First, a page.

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Gujarat FDCA launches programme to monitor sale of anti-TB drugs in retail drug stores

Shardul Nautiyal, Mumbai
Saturday, December 30, 2017, 08:00 Hrs  [IST]

The Gujarat Food and Drug Control Administration (FDCA) has recently launched a programme to monitor sale of anti-TB drugs through the retail supply chain which will help keep effective oversight on the quality of drugs consumed by TB patients.

There are around 37,000 drug retail shops in the state of Gujarat. Gujarat has continued its crackdown on spurious drugs through its post-marketing surveillance programme. It collected 11,300 samples in 2014-15 and 9,713 samples in 2013-14.

Says Gujarat FDCA Commissioner, “Through this exercise, we will generate data which will help assess the prioblem of spurious drugs in the interest of patient safety. The circulation of substandard and spurious, falsely-labelled, falsified or counterfeit medicines has been acknowledged as a serious public health problem.”

This comes close on the heels of Central Government also upscaling sensitive diagnostic modalities across 10 cities of the country as a part of its implementation research projects by using Genexpert to pick up TB and Multi-Drug Resistant TB (MDR TB). Genexpert test is a molecular test which detects the DNA in TB bacteria. It uses a sputum sample and can give a result in less than 2 hours.

Moreover, the proportion of MDR-TB among previously treated TB cases has exceeded 50% in several countries. In 2006 extensively drug-resistant TB (XDR-TB) was reported in all regions of the world and was rapidly classified by World Health Organisation (WHO) as a serious emerging threat to global public health. By March 2011, 69 countries had reported at least one case of XDR-TB. MDR-TB and XDR-TB are much more complex and costly to treat than drug-susceptible TB.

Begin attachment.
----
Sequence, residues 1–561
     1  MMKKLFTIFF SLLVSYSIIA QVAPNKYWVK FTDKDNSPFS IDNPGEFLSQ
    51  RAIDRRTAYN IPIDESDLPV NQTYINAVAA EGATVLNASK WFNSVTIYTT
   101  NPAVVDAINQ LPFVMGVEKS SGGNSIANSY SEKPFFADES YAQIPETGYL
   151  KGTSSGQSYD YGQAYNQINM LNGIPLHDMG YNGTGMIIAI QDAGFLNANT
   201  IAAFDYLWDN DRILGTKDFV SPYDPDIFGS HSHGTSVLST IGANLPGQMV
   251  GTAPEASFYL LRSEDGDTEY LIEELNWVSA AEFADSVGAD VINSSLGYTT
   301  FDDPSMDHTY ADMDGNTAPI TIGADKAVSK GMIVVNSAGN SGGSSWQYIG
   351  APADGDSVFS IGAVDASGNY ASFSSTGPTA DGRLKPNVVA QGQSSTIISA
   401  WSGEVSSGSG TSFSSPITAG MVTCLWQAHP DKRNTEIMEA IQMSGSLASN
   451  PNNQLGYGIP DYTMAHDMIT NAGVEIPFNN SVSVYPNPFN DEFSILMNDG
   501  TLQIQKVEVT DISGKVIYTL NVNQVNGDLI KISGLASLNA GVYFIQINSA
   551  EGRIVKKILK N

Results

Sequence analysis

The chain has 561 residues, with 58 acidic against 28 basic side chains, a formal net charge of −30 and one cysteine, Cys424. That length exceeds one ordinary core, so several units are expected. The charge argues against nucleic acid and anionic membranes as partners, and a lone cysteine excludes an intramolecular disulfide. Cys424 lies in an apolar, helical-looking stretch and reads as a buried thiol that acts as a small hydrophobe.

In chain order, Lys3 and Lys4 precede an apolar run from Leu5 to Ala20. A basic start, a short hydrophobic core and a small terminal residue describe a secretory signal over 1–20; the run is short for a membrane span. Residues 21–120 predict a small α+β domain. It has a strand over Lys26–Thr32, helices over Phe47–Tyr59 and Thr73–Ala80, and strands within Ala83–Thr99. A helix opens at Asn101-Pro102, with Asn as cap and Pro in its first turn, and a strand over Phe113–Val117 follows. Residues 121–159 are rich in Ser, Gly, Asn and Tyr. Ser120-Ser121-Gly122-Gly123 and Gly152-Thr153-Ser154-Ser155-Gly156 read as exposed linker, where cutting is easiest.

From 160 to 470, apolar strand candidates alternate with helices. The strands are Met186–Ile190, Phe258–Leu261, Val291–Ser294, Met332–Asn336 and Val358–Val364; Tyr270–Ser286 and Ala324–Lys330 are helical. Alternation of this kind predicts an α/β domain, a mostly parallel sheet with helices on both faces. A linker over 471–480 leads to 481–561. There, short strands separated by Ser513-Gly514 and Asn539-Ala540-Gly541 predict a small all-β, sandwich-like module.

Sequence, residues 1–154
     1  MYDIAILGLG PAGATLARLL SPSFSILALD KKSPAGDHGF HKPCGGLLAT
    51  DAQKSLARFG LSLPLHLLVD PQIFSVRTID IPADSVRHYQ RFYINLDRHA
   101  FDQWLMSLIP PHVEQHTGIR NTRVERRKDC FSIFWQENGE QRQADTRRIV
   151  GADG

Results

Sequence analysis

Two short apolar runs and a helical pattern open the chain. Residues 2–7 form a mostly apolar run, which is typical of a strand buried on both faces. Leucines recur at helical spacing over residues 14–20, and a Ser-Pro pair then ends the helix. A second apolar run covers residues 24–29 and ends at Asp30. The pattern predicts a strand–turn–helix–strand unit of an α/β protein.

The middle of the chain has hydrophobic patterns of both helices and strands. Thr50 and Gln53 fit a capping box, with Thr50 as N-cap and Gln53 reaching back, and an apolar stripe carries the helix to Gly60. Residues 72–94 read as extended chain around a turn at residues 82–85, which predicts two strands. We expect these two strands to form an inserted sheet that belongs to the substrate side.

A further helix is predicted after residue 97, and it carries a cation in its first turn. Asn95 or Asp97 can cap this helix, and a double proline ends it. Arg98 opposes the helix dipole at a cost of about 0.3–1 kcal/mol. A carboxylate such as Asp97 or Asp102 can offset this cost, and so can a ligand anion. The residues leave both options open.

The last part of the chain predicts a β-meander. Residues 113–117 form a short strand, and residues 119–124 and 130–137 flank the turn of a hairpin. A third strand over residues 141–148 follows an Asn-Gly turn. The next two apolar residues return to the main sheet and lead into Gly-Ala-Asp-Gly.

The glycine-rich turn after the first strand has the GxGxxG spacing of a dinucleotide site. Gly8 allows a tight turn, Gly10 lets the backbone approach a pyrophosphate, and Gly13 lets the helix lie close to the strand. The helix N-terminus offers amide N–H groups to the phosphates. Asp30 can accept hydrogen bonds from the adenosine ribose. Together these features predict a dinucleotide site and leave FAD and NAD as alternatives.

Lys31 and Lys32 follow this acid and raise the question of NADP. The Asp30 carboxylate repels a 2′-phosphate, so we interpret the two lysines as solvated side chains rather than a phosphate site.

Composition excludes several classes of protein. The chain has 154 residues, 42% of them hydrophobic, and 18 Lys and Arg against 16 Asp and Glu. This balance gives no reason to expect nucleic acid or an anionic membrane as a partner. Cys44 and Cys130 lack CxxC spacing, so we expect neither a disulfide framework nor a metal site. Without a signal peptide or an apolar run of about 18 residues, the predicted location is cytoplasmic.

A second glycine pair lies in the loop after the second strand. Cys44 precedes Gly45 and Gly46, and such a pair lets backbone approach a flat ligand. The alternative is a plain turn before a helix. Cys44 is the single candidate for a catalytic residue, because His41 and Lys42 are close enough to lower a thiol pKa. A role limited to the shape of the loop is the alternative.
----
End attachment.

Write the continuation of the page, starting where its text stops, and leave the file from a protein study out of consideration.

Reports on medicines quality problems with their serious health repercussions appear to be on the increase, the exact magnitude of the problem is unknown. The diversity of sources of information makes compiling statistics a challenge. Sources include reports from enforcement agencies, pharmaceutical companies and nongovernmental organizations, as well as ad hoc studies of specific geographical areas or therapeutic groups.

Counterfeiters, by contrast, are extremely flexible in the methods they use to mimic products and prevent detection of their activities. Medicines quality problems are particularly prevalent where regulatory and legal oversight is absent or weak.

Survey of the quality of anti-tuberculosis medicines circulating in selected newly independent states of the former Soviet Union in November 2011 by WHO states that since 2000, no country outside of Eastern Europe and Central Asia has reported proportions of MDR-TB among new cases exceeding 6% (for countries reporting more than 10 MDR-TB cases).


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